Asked on 01 Apr 2019
Discuss anything about share price, dividends, yield, ratios, fundamentals, technical analysis and if you would buy or sell this stock on the SGX Singapore markets. Do take note that the answers given by our members are just your opinions, so please do your own due diligence before making an investment!
Most of us are familiar with the Jumbo brand name. It has been been quite popular on the F&B scene with their Chili Crabs, and has been featured as one of Singapore's iconic restaurants representing local food culture. Apart from just the Jumbo outlets, other brands under the Jumbo Group include JPOT, Ng Ah Sio Bak Kut Teh, Chui Huay Lim Teochew Cuisine, JCafé, and Singapore Seafood.
Over the past 5 years, since its listing on the SGX, top line growth for the restaurant has been growing, but profitability had declined over their last 2 earnings call. This phenomenon probably needs to be looked at through their growth strategy.
Last year, the Group opened 3 new outlets and partnered to open 4 franchise outlets. This is led to the high operating costs (labour) developed from expansion. Labour costs does not just represent direct labour for running restaurants, but also indirect labour such as management positions to oversee operations.
According to DBS forward earnings for FY19, Jumbo's shares are properly pegged according to the industry average of 23X. This slightly higher valuation for Jumbo is probably investors awarding the company for their aggressive growth strategy into the local and international markets. Their valuation may also have dropped recently due to the group paying out less dividends after the decrease in profitability.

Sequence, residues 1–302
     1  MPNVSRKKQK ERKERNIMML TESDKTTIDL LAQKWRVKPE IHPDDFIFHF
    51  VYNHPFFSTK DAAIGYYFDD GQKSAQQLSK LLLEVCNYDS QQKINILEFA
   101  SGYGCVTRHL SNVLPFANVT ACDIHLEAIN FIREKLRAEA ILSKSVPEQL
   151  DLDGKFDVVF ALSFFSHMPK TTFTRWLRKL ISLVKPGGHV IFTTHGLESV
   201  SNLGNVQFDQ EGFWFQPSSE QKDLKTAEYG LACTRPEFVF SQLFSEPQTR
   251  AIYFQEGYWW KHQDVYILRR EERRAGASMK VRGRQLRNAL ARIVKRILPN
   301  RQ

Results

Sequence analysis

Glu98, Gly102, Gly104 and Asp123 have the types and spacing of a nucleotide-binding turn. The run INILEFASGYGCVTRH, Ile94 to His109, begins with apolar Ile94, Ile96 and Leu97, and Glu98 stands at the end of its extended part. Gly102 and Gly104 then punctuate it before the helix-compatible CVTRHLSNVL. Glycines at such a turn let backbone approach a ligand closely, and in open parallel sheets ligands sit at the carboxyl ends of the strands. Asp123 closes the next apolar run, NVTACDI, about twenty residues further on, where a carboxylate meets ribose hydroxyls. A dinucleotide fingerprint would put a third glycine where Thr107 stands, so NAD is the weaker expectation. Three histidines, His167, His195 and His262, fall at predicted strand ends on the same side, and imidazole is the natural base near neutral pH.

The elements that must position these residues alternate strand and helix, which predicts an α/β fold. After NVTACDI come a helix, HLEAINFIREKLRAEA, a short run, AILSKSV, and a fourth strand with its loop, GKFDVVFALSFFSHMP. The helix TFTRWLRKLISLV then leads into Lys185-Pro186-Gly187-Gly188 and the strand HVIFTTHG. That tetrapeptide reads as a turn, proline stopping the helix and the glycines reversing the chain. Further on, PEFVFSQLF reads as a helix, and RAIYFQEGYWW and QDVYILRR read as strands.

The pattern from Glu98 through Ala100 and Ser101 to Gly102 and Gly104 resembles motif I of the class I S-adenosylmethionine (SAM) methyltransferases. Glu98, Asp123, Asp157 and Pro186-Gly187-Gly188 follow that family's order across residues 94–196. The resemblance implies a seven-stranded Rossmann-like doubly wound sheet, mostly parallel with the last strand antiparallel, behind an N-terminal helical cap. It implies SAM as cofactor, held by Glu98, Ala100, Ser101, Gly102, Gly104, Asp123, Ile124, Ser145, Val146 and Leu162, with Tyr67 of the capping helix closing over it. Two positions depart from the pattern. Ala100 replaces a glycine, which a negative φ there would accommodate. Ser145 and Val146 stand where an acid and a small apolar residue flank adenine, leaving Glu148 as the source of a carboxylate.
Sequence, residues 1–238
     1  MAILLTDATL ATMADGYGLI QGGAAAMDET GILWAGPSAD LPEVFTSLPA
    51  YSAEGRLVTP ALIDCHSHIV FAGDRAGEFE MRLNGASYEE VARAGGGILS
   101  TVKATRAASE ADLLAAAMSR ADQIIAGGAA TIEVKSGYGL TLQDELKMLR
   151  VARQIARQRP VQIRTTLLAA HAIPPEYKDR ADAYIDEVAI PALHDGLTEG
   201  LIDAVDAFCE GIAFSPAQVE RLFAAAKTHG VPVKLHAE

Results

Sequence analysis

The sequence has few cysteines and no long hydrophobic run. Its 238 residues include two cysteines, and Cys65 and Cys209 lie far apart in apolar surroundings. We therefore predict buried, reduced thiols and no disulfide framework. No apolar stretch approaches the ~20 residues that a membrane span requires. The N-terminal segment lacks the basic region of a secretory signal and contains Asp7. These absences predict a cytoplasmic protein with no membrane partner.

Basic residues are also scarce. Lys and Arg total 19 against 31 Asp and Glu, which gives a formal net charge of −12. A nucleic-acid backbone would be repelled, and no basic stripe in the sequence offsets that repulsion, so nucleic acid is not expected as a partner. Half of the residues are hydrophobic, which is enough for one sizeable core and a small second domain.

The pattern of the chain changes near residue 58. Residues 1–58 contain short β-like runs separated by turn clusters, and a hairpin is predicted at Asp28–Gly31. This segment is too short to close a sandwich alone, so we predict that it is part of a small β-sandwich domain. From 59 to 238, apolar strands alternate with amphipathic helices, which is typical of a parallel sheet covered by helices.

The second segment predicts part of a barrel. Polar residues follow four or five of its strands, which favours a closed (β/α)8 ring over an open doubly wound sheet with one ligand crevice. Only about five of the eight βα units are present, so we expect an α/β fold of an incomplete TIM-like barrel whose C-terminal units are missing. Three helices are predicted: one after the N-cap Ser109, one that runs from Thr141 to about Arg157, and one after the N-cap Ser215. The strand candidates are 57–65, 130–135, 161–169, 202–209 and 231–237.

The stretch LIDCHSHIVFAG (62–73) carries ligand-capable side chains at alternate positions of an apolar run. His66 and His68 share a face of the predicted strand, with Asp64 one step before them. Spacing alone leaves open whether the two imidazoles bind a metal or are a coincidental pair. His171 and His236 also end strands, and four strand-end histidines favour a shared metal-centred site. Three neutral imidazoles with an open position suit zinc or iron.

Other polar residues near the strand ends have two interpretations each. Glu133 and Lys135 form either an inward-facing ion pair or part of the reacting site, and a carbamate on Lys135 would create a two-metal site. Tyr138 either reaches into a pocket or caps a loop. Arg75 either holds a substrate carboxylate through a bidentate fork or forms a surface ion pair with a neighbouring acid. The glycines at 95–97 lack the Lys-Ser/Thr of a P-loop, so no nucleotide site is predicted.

By comparing the shares to the index, using P/E, P/S and P/B ratios, Motley Fool suggests that this valuation is risky since the growth premium awarded has not been justified with improved profitability.
I have also included a simple form of relative valuation that compares jumbo with other F&B restaurants in Singapore, with around similar business modles. Based on P/E ratio alone, the shares seem fairly valued around a P/E of 23. However, based on P/S and P/B, the shares might seem overvalued.
This could be due to Jumbo having weaker profitability than the other restaurants, such that the difference between sales and earnings are larger.
Higher P/B ratio could be indicative of certain assets of the firm that are not recorded on the books, such as brand equity. I believe this stronger brand equity allows investors to price their shares higher for Jumbo.
Based on these 2 reasons, and of the greater relative importance of P/E ratio, I wouldn’t conclude that the shares are either over or under valued.
There are quite a few risks which affects Jumbo's F&B outlets. As with other players in this industry, food safety and hygiene risks are always evident. This issue is probably exacerbated with social media. Even Hai Di Lao had to close for a few weeks last year. The good news about Jumbo is that they seem to be very concerned with quality assurance, with a specific department catered to this. Their outlets have also achieved relevant strong certification too.
DBS has also identified another risk related to the food shortages, which may affect profitability of the business. This could potentially be another bigger issue with their seafood outlets and dishes, which Jumbo has tried to do by passing on higher prices to the customers.
Despite last year's growth strategy, Jumbo will continue to expand rapidly this year. Jumbo intends to open more new outlets in Singapore, but also to partner with other popular overseas brand to introduce them to Singaporeans. They are also looking to procure a property of their own to streamline food preparation. As with their organic growth in Singapore, it should drive growth since the Jumbo brand and items have already been tried and tested in our local market. But introducing international brands can be more tricky, since that would be akin to a newer entrant into the market. Another risk with opening their outlets overseas, is that revenue usually falls after novelty wears off. Improving and sustaining Same Store Sales (SSTS) should also be on their list.